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May 5, 2009
Ciena Corp. (NYSE: CIEN) is involved in what could be the first commercial launch of 100-Gbit/s wavelengths, using the technology to help out the New York Stock Exchange (NYSE) .
Ciena is announcing the deal today. It's using a newly minted 100-Gbit/s card on its CN 4200 system to connect NYSE locations within the New York and London metro areas (but not between the cities). (See Ciena, NYSE Try 100Gig.)
As an example, a 100-Gbit/s link will be inserted between the New York trading floor and an NYSE data center in New Jersey, quite an upgrade from the 10 Gbit/s the NYSE has there today.
It's all part of the NYSE's Secure Financial Transaction Infrastructure (SFTI) project, a data center overhaul meant to speed up transactions in order to keep the NYSE competitive. The overall project won't be completed until 2010, but Ciena's 100-Gbit/s piece could go live this summer, says Tom Mock, Ciena's senior vice president of strategic planning.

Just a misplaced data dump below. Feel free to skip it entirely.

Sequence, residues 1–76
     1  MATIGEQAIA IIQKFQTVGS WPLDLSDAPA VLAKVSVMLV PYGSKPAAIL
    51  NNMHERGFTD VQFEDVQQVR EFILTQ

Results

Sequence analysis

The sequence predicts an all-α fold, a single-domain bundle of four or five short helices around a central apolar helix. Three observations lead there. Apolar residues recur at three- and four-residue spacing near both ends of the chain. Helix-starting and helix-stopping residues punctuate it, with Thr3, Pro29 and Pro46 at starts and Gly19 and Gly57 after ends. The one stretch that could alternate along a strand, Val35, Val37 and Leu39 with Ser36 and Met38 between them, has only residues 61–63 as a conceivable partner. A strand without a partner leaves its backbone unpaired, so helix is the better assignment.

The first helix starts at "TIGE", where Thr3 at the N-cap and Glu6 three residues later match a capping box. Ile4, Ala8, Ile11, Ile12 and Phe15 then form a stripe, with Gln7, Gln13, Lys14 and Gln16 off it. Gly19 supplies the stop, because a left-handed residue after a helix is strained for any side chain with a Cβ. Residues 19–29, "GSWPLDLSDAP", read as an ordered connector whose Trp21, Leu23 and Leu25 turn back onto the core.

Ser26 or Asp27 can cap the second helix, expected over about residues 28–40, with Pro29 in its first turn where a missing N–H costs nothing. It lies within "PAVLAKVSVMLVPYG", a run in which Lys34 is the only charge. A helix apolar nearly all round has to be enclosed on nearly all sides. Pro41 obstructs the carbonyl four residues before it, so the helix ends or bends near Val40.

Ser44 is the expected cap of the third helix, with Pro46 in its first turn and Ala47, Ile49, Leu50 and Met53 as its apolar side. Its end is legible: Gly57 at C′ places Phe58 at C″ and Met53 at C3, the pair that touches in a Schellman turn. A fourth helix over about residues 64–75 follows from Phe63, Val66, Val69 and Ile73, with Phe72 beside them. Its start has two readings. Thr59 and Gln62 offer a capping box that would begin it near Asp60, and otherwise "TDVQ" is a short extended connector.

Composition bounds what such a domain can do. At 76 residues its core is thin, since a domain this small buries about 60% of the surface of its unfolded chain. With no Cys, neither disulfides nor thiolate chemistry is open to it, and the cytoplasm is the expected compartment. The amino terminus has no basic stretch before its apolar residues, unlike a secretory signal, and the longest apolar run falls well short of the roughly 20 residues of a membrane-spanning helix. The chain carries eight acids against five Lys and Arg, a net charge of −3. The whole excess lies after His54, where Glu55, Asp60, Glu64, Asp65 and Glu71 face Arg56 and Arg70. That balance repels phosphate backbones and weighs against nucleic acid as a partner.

The CN 4200 card is a muxponder, sending and receiving a 100-Gbit/s wavelength on the network side but delivering ten 10-Gbit/s lanes on the client side -- that is, on the side that connects to some switch or router. The NYSE will be using a mix of Ethernet, Sonet, and Optical Transport Network (OTN) connections for that client side, Mock says.
Not all the pieces for 100-Gbit/s technology are commercially available yet, so Ciena has put some home-grown work into the NYSE project, including Ciena-designed chips. The company showed off the single-wavelength technology back in December. (See Ciena Pushes 100-Gig.)
As the NYSE implies, the 100-Gbit/s card is available -- but only in "limited deployments," Mock says. "Realistically, the people who would deploy this are the people who have a very high capacity need or a fiber constraint issue."
Vendors and analysts have been saying a handful of customers are ready for 100-Gbit/s networking right now. The Amsterdam Internet Exchange B.V. (AMS-IX) frequently gets used as an example, along with the vague "financial companies" group.
Mock, like most everyone, doesn't expect to see 100-Gbit/s technology to become mainstream until late 2011 or 2012.
That gives Ciena some time to improve on the technology. The obvious kinds of improvements will be coming, including reduced power and more integration of components. Ciena also wants to adopt coherent receivers, which would let it extend the reach to 1,500 kilometers, Mock says.
— Craig Matsumoto, West Coast Editor, Light Reading
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